Environmental sustainability in teaching cannulation and IV antibiotic preparation

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“As medical educators we have the opportunity not only to reduce the environmental impact of our own clinical practice, but also that of those who we teach, through innovation.” Bajgoric et al (2014).

Reference:

Bajgoric, S., Appiah, J., Wass, V. and Shelton, C. (2014) Sustainability in clinical skills teaching. The Clinical Teacher. 11(4), p.243-6.

Abstract:

BACKGROUND: The deleterious effects of climate change mean that environmental sustainability is increasingly becoming a moral and economic necessity. Consequently, clinicians will increasingly be called upon to manage the effects of health care on climate change, and they must therefore do as much as is practically possible to limit the negative effects of their practice on the environment. As medical educators we have the opportunity not only to reduce the environmental impact of our own clinical practice, but also that of those who we teach, through innovation. Such novelty can be explored during student-selected components (SSCs). Clinicians will increasingly be called upon to manage effects of health care on climate change

CONTEXT: The project, entitled ‘Can we introduce sustainability to clinical skills teaching?’ was led by two third-year medical students during their SSC periods. New ways to make existing skills more sustainable were explored by surveying existing practice in the workplace, analysing selected skills in a lab-based setting and through discussions with sustainability champions.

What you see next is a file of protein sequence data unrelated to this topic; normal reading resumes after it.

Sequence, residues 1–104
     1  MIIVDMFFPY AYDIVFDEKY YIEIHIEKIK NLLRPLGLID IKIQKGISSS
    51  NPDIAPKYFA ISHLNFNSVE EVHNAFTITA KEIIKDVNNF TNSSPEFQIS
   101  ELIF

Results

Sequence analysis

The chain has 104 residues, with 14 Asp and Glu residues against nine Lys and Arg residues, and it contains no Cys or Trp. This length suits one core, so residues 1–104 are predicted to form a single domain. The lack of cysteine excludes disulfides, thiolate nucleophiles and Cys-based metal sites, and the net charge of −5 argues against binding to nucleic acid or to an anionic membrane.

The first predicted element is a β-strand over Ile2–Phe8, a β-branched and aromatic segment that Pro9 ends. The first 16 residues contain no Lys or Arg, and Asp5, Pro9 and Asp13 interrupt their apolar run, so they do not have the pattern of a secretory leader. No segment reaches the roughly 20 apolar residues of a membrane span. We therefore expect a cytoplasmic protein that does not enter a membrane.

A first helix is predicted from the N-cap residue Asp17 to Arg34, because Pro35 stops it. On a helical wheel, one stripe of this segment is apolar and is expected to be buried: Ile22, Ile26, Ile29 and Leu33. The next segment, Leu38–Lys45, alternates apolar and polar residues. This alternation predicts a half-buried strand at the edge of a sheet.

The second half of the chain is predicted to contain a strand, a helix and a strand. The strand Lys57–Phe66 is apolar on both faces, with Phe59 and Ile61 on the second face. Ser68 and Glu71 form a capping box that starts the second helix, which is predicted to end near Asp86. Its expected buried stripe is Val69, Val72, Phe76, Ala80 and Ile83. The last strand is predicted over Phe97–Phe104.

INNOVATION: Cannulation and intravenous (IV) antibiotic preparation were chosen by the students as prototype skills. These skills were observed by the students in the workplace and adapted by them to appease the ‘triple bottom line’ of sustainability: environmental, social and economic factors were addressed. The revised skills were taught by the students to their peers in a sustainably conscious fashion.

IMPLICATIONS: Provided that such innovations in sustainable skills teaching are deemed appropriate by clinical skills directors, such methods could be adopted across medical schools and expanded to cover a wider range of skills.

Other intravenous and vascular access resources that may be of interest (External links – IVTEAM has no responsibility for content).

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